Hall: State doesn’t take its own advice to buy local
In a recent column, I encouraged New Mexicans to spend their summer vacations near home, enjoying the wonderful sites and events our own state has to offer. It’s an inexpensive way to travel, and it helps local economies by keeping New Mexico money in New Mexico.
With this idea in mind, I was both amused and distressed to read two recent news reports that appeared together. One headline read, “Tourism Dept. Creates NM True Fest for Labor Day.” The state Tourism Department is organizing an event at the state fairgrounds on Sept. 3 and 4 where local food and beverage producers, artists and artisans, entertainers, and other businesses can display their products and services.
Tourism Secretary Rebecca Latham said the event “connects people to the products that are made, grown or born and raised in our own backyard.”
An adjacent story, headlined “NM Tourism Website Undergoes Makeover,” tempered my enthusiasm. The same Tourism Department contracted with a Tucson-based company to overhaul the newmexico.org website. Is there no website developer in New Mexico capable of doing that?
This struck a nerve. Our state government consistently promotes “buy local” but often doesn’t practice it.
I started wondering how many other government contracts are awarded to out-of-state companies when in-state providers might be available. An internet search brought me to the New Mexico Sunshine Portal website. After a few false starts, I was able to find a list of purchases that identified the vendors. But without doing a separate internet search on each individual vendor, I could not tell which were in state, and which were out of state.
The New Mexico In Depth news website listed the provisions of a bill passed in the 2015 legislative session and signed by the governor. It requires that by Jan. 1, 2016, the state’s Sunshine Portal website contain specific information about state contracts, including access to a copy of the contract document, and access to a copy of “a resident business, resident veteran business, resident contractor and resident veteran contractor certification used in the award of a contract.”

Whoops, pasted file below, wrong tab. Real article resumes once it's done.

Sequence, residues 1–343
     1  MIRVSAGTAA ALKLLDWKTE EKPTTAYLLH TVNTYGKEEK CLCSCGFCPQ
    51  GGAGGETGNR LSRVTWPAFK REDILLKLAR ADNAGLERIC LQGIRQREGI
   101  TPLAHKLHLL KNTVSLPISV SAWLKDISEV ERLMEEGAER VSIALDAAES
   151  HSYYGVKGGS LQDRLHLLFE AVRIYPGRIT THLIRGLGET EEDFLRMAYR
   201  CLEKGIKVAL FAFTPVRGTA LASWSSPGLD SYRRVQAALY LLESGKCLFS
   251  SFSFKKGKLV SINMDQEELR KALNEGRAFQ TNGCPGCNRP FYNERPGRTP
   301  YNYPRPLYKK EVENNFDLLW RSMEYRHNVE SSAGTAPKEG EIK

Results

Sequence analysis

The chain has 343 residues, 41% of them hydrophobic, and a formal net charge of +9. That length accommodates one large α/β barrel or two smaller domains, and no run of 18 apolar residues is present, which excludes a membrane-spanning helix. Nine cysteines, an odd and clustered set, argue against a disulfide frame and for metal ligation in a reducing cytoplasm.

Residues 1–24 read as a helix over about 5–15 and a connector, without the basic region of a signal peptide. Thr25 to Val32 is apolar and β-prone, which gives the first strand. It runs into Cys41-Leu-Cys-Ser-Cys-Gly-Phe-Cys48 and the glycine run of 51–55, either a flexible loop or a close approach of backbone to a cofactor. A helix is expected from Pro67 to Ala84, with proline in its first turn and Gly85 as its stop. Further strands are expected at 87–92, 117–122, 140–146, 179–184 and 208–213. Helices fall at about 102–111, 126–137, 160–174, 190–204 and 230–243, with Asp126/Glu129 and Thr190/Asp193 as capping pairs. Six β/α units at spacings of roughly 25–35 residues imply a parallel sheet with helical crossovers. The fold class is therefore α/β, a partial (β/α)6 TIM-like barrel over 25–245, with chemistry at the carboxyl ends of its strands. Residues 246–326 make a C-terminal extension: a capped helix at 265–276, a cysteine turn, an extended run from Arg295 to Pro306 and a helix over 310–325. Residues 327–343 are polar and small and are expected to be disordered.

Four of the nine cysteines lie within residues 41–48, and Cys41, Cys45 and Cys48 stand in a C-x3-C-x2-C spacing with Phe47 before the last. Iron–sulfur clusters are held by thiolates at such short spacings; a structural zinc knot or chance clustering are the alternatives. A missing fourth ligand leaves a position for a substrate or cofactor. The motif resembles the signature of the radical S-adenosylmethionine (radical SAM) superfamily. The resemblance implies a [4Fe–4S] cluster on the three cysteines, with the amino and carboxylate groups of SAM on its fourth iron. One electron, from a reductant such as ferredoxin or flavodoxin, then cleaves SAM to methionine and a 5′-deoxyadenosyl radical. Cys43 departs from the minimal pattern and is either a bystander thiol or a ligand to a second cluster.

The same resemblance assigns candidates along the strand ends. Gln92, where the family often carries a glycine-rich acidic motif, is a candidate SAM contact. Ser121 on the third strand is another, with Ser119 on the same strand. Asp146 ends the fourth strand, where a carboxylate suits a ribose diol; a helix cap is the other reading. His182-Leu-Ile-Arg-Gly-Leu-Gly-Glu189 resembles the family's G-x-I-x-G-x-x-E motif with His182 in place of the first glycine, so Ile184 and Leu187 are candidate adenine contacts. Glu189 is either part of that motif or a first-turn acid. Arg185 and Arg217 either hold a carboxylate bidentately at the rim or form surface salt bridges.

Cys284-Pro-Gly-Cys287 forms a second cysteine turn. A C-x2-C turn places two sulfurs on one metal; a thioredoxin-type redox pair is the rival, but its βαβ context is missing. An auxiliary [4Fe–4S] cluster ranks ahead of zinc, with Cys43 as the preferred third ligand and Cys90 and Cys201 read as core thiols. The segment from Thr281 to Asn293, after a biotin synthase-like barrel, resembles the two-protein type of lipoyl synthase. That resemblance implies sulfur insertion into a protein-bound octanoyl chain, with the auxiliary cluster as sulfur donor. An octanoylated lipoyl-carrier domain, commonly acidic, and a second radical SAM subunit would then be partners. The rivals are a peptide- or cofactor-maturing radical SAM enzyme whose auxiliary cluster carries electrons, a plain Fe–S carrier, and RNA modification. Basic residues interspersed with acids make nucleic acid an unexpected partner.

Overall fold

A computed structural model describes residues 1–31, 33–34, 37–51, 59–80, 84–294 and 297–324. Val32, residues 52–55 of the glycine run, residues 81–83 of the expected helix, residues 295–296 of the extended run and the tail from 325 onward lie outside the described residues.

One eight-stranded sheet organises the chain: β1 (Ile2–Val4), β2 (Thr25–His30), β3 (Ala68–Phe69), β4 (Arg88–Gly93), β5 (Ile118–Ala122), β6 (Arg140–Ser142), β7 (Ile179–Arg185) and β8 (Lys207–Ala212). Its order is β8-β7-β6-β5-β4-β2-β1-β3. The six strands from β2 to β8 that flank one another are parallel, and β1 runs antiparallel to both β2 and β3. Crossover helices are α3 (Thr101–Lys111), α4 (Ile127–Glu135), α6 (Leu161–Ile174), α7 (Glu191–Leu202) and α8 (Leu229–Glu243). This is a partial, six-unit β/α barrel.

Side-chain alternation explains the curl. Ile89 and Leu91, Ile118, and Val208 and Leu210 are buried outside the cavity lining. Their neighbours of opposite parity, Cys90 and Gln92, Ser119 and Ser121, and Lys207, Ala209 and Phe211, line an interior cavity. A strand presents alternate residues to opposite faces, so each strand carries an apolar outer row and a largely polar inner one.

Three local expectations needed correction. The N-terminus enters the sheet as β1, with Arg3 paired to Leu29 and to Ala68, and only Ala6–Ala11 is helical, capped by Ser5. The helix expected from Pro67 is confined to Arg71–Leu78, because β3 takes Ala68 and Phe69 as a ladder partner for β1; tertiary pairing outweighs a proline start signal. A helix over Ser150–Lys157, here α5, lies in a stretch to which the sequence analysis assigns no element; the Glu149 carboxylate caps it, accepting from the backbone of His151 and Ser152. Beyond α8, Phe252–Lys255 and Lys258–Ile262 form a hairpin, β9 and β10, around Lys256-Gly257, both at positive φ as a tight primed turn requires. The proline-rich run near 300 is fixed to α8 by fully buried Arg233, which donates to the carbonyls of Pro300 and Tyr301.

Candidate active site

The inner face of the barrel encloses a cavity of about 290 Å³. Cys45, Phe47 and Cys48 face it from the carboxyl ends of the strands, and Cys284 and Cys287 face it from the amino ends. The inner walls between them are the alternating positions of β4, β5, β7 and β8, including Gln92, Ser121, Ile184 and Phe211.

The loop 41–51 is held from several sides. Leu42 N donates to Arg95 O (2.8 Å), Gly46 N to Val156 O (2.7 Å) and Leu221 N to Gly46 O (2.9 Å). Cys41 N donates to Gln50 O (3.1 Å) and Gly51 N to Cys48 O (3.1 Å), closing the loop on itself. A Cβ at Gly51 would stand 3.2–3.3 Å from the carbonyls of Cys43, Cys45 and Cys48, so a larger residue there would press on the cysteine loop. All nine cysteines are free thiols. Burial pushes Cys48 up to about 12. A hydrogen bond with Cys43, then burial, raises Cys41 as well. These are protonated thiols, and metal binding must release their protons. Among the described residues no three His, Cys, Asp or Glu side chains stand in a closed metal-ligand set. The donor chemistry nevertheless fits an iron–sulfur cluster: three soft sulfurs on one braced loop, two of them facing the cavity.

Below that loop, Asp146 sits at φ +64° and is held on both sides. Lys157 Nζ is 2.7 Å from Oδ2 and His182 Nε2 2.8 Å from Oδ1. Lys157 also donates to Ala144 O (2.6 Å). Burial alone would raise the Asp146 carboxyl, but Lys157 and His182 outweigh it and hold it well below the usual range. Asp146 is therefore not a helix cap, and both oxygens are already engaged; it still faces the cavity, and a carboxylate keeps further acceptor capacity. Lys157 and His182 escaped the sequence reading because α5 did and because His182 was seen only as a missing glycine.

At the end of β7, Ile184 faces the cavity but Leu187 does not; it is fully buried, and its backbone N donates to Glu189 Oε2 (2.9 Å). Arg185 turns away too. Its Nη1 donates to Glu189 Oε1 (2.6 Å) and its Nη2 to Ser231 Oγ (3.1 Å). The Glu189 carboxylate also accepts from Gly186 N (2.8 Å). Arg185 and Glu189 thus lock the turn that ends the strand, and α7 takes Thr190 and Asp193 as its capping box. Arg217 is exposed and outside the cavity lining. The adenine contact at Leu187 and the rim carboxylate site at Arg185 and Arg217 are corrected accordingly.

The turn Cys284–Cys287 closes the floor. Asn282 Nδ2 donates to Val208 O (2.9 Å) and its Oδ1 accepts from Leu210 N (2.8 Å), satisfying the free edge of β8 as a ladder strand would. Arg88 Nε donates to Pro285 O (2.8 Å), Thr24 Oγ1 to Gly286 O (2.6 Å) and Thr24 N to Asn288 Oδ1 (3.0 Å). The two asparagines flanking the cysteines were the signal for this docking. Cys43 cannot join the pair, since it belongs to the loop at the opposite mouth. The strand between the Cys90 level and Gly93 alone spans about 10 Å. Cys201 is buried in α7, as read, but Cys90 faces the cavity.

I could not find that information on the website. If it really is there, it’s too difficult to find.
In early 2015, the U.S. Public Interest Research Group, or PIRG, gave New Mexico a C+ grade for online access to government spending data. In this year’s PIRG study, New Mexico moved up from 35th place to 31st, but its score remained unchanged at 77 out of 100, still a C+.
This year, the New Mexico Foundation for Open Government, known as FOG, audited 122 state agencies' and boards’ compliance with requests under the state’s Inspection of Public Records Act, or IPRA.
The results were mixed. Most state agencies responded to public records requests within the 15 days required by law, and some that took longer requested extensions allowed by law.
However, eight state agencies or boards did not respond at all to records requests, although three did respond after the FOG report was published. Some responses were more burdensome than necessary. For example, FOG reported that a few public bodies required the request to be resubmitted on “the state’s ‘official’ IPRA forms even though the statute does not prescribe a format for requests.”
Our state government should not tell New Mexicans to “do as I say, not as I do.” We should all try to buy local, and we should be able to see that our public employees follow that advice, too.